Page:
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GOD & TEXAS: Bagpipes in the Alamo


Did you know that bagpipes, a fiddle and a bugle were prominent musical instruments being played during the Battle of the Alamo? David Crockett played his fiddle. And the Mexican army bugle was heard playing ElDegüello, which announced that no quarter would be given to the rebellious Texans. But what about the bagpipes?

John McGregor was a bagpiper who was born in Scotland and settled in Nacogdoches, Texas. John fought in the siege of Bexar (1835), and died in the Alamo, serving as the second sergeant of the artillery company under Capt. William R. Carey.

Following the Alamo battle, interviews with survivor Susanna Dickinson revealed that McGregor and Crockett would play their instruments when there was a pause in the fighting. Actually, they tried to outshine each other. Dickinson said, “McGregor always won so far as noise was concerned, for he made strange and dreadful sounds with his queer instrument."

Besides McGregor in the Alamo, Richard W. Ballentine, Isaac Robinson, and David L. Wilson were native-born Scotsmen. Amazingly, numerous leaders who battled for Texas’ independence were of Scottish ancestry including Sam Houston, Stephen F. Austin, James Bowie, David Crockett, Peter J. Bailey, Henry P. Brewster, J.A. Brooks, David Burnet, Mathew Caldwell, Capt. Ewen Cameron, S.P. Carson, and Robert Cochran.

Many counties of Texas are named for persons of Scottish ancestry like Anderson, Andrews, Armstrong, Harris, Hamilton, Kenedy, McLennan, McCulloch, Martin, Ochiltree, Robertson, Taylor, Walker, Wilson, Wood and Young. In 1882, a group of Scottish investors bought the 1.5 million acre Matador Ranch near Wichita Falls, and expanded it to over 3 million acres.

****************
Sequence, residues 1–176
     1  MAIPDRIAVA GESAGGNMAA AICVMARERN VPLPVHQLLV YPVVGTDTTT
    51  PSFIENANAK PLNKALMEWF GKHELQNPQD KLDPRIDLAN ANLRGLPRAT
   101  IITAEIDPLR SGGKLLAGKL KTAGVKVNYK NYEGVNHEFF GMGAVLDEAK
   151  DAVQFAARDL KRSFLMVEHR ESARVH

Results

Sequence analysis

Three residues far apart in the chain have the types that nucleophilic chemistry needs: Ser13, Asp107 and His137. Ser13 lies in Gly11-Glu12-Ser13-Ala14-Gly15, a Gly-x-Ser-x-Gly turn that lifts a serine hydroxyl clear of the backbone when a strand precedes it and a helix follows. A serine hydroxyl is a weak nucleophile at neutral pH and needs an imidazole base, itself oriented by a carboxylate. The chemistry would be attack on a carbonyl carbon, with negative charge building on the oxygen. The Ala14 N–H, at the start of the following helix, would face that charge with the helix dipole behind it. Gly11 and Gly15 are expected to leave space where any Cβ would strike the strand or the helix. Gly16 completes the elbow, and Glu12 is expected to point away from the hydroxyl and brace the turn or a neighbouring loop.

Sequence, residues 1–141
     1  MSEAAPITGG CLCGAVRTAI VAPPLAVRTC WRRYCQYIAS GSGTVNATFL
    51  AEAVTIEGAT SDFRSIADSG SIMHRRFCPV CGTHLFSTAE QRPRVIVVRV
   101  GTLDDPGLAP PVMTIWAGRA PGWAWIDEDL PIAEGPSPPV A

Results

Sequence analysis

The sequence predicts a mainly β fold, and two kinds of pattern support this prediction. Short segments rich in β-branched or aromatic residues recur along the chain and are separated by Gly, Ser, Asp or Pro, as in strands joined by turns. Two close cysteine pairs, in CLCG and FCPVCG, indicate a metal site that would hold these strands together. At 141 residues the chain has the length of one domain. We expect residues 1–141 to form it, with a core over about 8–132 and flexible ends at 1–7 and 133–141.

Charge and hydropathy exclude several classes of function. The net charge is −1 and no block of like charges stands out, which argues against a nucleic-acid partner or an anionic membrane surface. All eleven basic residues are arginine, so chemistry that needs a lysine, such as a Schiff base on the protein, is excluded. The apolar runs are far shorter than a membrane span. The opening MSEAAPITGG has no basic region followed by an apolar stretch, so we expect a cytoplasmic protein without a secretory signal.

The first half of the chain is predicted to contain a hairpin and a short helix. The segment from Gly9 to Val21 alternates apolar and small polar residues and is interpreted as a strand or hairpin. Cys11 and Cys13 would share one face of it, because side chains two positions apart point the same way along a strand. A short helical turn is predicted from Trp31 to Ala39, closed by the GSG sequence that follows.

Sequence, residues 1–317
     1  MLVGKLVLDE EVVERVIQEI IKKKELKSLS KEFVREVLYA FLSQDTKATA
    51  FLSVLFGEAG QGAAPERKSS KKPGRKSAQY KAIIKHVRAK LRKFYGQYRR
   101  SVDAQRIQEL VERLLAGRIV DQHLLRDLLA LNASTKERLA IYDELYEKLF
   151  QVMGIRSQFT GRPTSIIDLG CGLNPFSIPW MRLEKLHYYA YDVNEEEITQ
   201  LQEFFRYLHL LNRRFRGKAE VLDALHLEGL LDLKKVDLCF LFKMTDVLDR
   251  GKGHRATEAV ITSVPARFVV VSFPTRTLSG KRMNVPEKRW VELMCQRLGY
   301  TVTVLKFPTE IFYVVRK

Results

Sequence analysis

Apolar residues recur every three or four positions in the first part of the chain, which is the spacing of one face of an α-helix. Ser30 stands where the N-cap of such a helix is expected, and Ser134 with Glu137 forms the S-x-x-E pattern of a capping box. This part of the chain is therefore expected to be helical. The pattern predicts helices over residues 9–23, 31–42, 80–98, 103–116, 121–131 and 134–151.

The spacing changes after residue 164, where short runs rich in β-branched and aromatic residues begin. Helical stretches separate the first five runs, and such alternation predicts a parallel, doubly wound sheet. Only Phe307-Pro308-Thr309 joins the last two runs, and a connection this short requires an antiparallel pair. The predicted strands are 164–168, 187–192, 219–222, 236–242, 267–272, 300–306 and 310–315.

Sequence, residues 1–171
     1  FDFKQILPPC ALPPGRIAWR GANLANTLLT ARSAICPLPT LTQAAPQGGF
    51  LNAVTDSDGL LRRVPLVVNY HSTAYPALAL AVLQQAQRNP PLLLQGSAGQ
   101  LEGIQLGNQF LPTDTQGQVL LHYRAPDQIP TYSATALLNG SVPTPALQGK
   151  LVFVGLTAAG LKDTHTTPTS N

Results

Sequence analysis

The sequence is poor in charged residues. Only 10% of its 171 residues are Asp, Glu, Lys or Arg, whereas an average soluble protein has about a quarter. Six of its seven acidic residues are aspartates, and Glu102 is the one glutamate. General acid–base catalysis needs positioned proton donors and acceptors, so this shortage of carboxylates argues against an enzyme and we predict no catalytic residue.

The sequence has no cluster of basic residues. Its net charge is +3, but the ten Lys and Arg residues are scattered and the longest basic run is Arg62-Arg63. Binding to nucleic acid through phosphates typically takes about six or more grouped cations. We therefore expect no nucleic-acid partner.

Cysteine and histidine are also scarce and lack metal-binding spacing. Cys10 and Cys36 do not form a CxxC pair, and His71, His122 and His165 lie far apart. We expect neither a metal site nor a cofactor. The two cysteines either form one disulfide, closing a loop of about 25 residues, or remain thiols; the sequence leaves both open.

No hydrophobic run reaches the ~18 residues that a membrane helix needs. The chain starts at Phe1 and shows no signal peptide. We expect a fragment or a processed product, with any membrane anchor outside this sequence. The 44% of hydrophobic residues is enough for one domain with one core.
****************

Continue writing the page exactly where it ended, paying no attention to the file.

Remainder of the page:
Another Scottish hero of Texas was Collin McKinney, the oldest signer of the Texas Declaration of Independence. Later, McKinney helped draft the Texas Constitution, and would go on to serve in the 1st, 2nd and 4th congresses of the Republic of Texas. His influence in Texas was honored by naming both a county (Collin) and a city (McKinney) named after him.

Born in 1766 to Scottish immigrant parents, McKinney was a leader in building Disciples of Christ churches. He was known as a powerful preacher who uplifted Christ through scripture and prayer. In association with traveling preachers B.F. Hall and J.B. Wilmeth, McKinney held Gospel services throughout North Texas.

In his book, “The Men Who Made Texas Free,” Samuel Houston Dixon wrote, "Mr. McKinney was a man of most admirable character. He possessed a spirit of progressiveness which dominated his life. No one of that group of pioneers exercised a more wholesome influence over those with whom he came in contact than Mr. McKinney. He lived a life worthy of emulation and was held in high esteem."

The following words are inscribed on McKinney’s tombstone in the old Van Alstyne Cemetery: “He was one of nature’s noble men, an ardent patriot and a true Christian.”

Scottish heroes like McKinney left a treasured legacy for each of us. They honored Proverbs 13:22 (NLT), “Good people leave an inheritance to their grandchildren.” Let us follow their example.


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